Where is the Heritage Corridor?
The Heritage Corridor Convention and Visitors Bureau (CVB) encompasses the communities and counties along the historic 97-mile Illinois and Michigan Canal National Heritage Corridor. The Heritage Corridor spans from the Chicago Portage Area just southwest of Chicago to LaSalle-Peru including the counties of Will, Grundy, LaSalle and Putnam. The region conveniently located along I-55 from Chicago to Joliet along I-80 west to LaSalle-Peru.

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Chicago Portage Area | Bolingbrook Area | Joliet Area
Morris Area | Starved Rock Area | Putnam County

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Pit Stops

Pull off Route 66 just south of Joliet, Illinois, and find wisdom at the bottom of a milkshake

by Jennifer Billock

Joliet Kicks Gas PumpIn 1926, signs announcing a new highway, Route 66, began popping up across Illinois. Stretching southwest from Chicago, through Springfield, and into St. Louis, Illinois portion is the oldest section of the road. It began its life as Illinois State Route 4, a pre-existing road that stood where the Pontiac Trail of 1915 (the shortest route between Chicago and St. Louis) traversed. And it carried a lot of firsts along with it. It was the first section to be paved, and able to brag about its mud-free, slab all the way benefits. It was the first section to be surrounded by urban growth along its busy path. And it was the first section to, eventually, be replaced by the mega-highways crossing the country now. Historically, Route 66 begins and ends in Chicagoand it represents a dream of freedom that persists for people across the country.

More: Fun Surprises Along Route 66

I recall one of my first trips along the Mother Road. We began our trek in downtown Chicago, itching to get out on the open road and feel the wind rush against our faces. Our destination? St. Louis, to watch our beloved Cubs play the Cardinals. Because, really, what better reason is there to drive along Americas lifeline than to indulge in Americas favorite pastime?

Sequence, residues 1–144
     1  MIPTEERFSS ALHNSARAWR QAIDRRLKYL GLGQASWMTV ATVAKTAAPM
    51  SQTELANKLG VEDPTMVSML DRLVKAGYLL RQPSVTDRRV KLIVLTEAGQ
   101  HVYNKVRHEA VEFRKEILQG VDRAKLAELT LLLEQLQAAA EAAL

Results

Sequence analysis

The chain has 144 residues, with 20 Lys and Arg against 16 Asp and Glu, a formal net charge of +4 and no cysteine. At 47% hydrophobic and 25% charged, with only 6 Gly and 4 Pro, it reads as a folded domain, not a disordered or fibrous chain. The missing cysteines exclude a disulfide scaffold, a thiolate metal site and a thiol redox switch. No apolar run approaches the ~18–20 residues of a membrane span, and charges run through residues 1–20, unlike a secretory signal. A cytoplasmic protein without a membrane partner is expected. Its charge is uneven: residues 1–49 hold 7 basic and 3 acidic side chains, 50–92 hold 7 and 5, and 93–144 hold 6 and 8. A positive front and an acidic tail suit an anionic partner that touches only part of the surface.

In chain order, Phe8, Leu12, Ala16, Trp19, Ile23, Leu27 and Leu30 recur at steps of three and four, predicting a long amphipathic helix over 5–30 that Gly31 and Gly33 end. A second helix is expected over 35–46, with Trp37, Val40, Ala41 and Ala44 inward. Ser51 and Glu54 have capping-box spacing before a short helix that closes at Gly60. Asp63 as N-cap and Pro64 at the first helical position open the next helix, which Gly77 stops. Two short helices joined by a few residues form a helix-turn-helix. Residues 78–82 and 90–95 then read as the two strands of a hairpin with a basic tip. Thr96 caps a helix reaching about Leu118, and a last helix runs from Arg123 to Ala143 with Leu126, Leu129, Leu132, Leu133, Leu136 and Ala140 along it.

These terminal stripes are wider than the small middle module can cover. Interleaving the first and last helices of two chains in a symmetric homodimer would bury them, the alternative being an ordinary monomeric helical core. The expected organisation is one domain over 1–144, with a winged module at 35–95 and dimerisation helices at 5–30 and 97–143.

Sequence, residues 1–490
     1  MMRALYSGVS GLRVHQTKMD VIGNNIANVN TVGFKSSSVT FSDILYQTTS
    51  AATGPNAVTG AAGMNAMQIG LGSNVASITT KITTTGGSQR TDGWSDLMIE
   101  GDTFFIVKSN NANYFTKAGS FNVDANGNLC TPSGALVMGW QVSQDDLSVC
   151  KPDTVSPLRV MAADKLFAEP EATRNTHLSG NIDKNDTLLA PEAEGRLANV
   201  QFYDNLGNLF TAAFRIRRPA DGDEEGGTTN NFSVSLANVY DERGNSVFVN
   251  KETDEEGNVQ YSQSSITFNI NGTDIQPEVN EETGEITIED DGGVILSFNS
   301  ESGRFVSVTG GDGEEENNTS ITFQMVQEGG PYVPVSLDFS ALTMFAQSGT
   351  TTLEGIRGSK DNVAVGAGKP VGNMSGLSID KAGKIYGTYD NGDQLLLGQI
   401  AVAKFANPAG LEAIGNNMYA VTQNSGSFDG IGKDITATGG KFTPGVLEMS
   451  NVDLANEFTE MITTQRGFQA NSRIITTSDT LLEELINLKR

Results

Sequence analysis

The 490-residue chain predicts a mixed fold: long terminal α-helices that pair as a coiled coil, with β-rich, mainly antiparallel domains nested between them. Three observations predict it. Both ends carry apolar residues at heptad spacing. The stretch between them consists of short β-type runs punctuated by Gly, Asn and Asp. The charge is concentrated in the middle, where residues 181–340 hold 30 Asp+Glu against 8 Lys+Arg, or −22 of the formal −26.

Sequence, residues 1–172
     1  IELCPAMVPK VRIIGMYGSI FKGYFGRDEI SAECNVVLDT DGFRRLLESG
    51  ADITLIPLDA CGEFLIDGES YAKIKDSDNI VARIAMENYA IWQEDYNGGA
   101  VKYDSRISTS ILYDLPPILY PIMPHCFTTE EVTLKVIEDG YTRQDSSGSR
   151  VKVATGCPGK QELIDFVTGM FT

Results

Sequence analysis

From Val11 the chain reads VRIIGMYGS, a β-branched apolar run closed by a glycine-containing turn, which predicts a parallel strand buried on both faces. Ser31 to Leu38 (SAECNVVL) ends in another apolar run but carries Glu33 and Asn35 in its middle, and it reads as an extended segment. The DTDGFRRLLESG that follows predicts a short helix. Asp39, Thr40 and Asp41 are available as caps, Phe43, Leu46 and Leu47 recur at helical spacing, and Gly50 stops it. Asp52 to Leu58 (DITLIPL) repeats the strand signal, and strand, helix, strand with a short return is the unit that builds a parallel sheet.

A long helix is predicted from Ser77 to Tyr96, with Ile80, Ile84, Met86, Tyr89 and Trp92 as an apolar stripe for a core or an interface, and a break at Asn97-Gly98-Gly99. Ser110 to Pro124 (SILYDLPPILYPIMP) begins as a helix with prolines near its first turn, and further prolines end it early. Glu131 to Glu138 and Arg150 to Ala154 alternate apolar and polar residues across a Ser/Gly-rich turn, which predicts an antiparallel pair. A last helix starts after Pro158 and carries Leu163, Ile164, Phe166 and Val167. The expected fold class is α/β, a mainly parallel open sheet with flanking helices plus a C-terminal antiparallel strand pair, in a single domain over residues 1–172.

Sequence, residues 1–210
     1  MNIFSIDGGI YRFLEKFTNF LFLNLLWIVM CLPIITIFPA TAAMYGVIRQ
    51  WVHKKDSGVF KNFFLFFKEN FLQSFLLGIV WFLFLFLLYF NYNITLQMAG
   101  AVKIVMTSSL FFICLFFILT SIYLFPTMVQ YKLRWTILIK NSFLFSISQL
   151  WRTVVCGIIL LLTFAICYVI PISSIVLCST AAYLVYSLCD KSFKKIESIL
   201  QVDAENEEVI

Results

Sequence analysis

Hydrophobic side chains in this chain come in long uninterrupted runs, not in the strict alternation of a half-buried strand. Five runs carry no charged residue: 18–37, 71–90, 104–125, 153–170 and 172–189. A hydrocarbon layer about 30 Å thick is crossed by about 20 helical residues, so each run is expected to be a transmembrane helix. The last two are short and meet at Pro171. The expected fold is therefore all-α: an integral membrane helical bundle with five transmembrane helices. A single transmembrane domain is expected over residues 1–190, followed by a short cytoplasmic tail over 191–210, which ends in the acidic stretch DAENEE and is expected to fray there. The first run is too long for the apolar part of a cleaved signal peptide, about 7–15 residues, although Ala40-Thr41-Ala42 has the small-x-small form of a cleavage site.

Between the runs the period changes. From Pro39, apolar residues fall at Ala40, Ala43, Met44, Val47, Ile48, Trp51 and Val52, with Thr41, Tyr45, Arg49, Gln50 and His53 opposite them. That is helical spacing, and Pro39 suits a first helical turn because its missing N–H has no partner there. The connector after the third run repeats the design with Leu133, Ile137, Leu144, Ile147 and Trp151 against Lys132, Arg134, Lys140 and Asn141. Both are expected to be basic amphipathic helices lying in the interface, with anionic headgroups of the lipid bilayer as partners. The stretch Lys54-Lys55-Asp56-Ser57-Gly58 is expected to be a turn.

So we headed out, me and three friends, ready to experience a slice of Americana. Our parents had all given us suggestions about where to eat and stop along the drive. While the Dixie Truck Stop, Bill Sheas Gas Station Museum and the Gemini Giant topped most of their lists of iconic roadside attractions, I had my sights set elsewhereon a polka-dotted school bus.

Pit stops off Route 66The Polk-a-Dot Drive In had rather unorthodox beginnings. You might even say its an ancestor of the modern-day food truck craze. Back in 1956, the owners of a rainbow polka-dotted school bus began serving lunch out of a miniature kitchen within. From there it grew to be a favorite Route 66 attraction along the I&M Canal Heritage Corridor, complete with carhops and a diner. The bus is long gone by now, and the carports no longer have their hops, but the drive-in diner still stands in all its kitschy glory.

My friends and I were immediately enamored with the drive-in. The burgers, shakes and hot dogs would have been enough, but add in life-size fiberglass statues of the Blues Brothers, Elvis and Betty Boop? We all grinned from ear to ear. And of course, we took pictures wearing black sunglasses in between the Brothers. How could we not?

More: Experience scenic waterfalls at Starved Rock

Polk-a-Dots interior pulled us back into the 1950s along Route 66. Whether its records hanging on the walls, tabletop jukeboxes, cars parked at the ports outside or black booths trimmed with chrome, the heart of a bygone era pulsed all around us. We were all smitten and did the only logical thingwe fully embraced the blast from the past, ordered cheeseburgers and shakes (mine was chocolate) at the counter, and sat down in a booth to enjoy the carefree lifestyle.

Pit stops off Route 66The funny thing is, as we sat there, I really felt history come alive. Suddenly I was feeling it, the joy and freedom of venturing west on Route 66, enjoying the camaraderie of life on the road. I looked around me and could see scenes from the past overlaid on the present. A family of four headed west sipping shakes. A couple of hippies headed out to California indulging in cheese fries. And I knew what everyone who drove on the Mother Road before us had come to know. Route 66 is truly the history, the lifeblood, of the symbolic American dream. One trip on this road, and you are destined for greatness.

Discover more fun surprises along Route 66 near Joliet, and order a visitors guide to plan your vacation to the I&M Canal Heritage Corridor in Illinois.